I have a friend who insists on taking her dog everywhere. Let me start by saying that I am a dog person; I have a dog I love, but I leave her home sometimes. She’s a dog.
My friend says that her dog has separation anxiety and must be with her at all times.
Also, she often carries him around in a front pack. I try not to be judgy, but *eye roll,* am I right?! I find this is affecting our friendship. Thoughts?
It’s a dog’s life
Dear Dog’s life,
Up until a few years ago, I would have been rolling my eyes right along with you, and I mean eyes so far into my skull, they may have actually dropped into my sinuses like pinballs, pinged around my head and popped out my nose.
But then a colleague of mine, whose dog was previously perfectly fine, developed separation anxiety. She didn’t have to be with her owner every minute but she couldn’t be alone. And it started ruining my colleague’s life. She had to bring the dog to her parents or to a friend’s house every day, hire people to apartment-sit while she worked, pay them, etc.
So I get this really is a thing. I also have two dogs, one of whom is pretty neurotic and it’s not too big a leap from neurotic dog to separation-anxiety dog. Now, I am assuming that this is a small dog and she is not carrying a St. Bernard or a Greyhound around in a front pack. That would be weird. But, you know, who am I to say?
When the subject comes up, I would double check that your friend has spoken to her vet about the dog and asked the vet if they had ideas about ways to treat the anxiety, whether it be medical or behavioral. There are also lots of trainers out there who will train your dog for you, provided you build them a summer house in St. Moritz. Perhaps that is an option for her.
Otherwise, I’m afraid that you will have to get used to telling your deepest, darkest secrets to your friend and her furry companion. But think of it this way: only one of them has the capacity to spill your secrets, secretly resent you or make passive/aggressive microaggressive comments about your outfit/weight/relationship, and here’s a hint: it ain’t the one in the front pack!
My partner and I live together and during the pandemic, he has become close with my friends. I am moving to a different state next year, and we will be long distance. As most of his friends are my friends and I will be gone, I’m worried he won’t leave the house. How far do I push him to make new friends?
Am I a pusher?
Dear Am I,
I think you answered your own question when you used the word “push.” Pushing someone to do something is never a great strategy. If your partner is not naturally adventurous or outgoing, chances are urging him to try to be those things will only backfire. Have you ever had anyone (your mother, a doctor, an insurance agent) “push” you to lose weight? I rest my case.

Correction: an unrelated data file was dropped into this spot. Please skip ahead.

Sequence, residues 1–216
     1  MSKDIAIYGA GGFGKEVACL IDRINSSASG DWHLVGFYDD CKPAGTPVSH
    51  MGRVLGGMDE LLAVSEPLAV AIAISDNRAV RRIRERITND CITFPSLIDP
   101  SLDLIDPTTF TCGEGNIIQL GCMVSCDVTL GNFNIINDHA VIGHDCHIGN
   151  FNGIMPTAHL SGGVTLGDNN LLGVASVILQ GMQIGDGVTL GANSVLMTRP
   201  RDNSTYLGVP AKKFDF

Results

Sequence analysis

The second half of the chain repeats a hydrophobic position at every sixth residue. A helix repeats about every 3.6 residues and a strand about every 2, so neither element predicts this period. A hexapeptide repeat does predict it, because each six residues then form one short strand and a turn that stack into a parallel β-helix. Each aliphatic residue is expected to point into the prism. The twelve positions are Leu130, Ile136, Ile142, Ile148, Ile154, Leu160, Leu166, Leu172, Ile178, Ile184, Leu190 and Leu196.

I’m sure your partner is aware that you are the more social one in the relationship. You could gently suggest (once, maybe twice) some activities or groups he could explore while you are away but in lieu of pushing him, I would encourage your friends to continue to include him in their activities. The danger here is that if you two were to break up acrimoniously (but let’s hope not), all your friends may feel like they have to choose sides. But I don’t believe that acting in fear of what might happen is good motivation for anything. Go with gusto, mush with moxie, ballyhoo with brio and, as always, advise with alliteration!
I have two little kids and when they make friends, whether it be in the sandbox or at school, I find that there is an unspoken assumption that I should be friends with their new friends’ mother. Sometimes this works out great, other times I think I am in a living hell! What do I do when one of these moms really wants to be friends, and I just wanna say, “talk to the hand!”
Tot lot terror
What you say is totally true. There are years, while raising kids, that you develop temporary twinships with other parents that sometimes are like kismet and other times like catastrophe.
When your kids are young, you usually stick around during playdates which means hanging out with other parents, like it or not. But as they get older, you have more and more freedom to drop kids off, have kids at your house without their parents, and generally pick and choose which parents become your peeps.
If you get invitations that you want to decline, decline politely. The good news is that with little kids there are always good excuses to decline an invitation: sore nipples, scabies, strep, lice, hoof and mouth, venereal disease.
I find that most people understand that the ebb and flow of friendship is never static. I lose touch with people I really adore sometimes. By the same token, wedges can appear between the best of friends. It’s a jungle out there. Be nice to yourself, you have little kids, which means you’re in an all-day aerobics class for the next 10 years or so, and then you’re in mental anguish for the 10 years after that. But hey, 20 years from now, you can relax on the beach worry free. See how much there is to look forward to?
Dear Gabby appears in the RoundTable every Monday. Yes, Gabby is an advice columnist – but not just any advice columnist. Because that would be boring! Gabby combines wisdom with wit. And a pinch of snark. She is not a trained therapist by any means, but has seen and loved many in her day. Her aim is to make you think while she makes you laugh. Gabby welcomes all questions and queries and is only too happy to hear your opinion, no matter how much it may diverge from hers. Write to Gabby at firstname.lastname@example.org.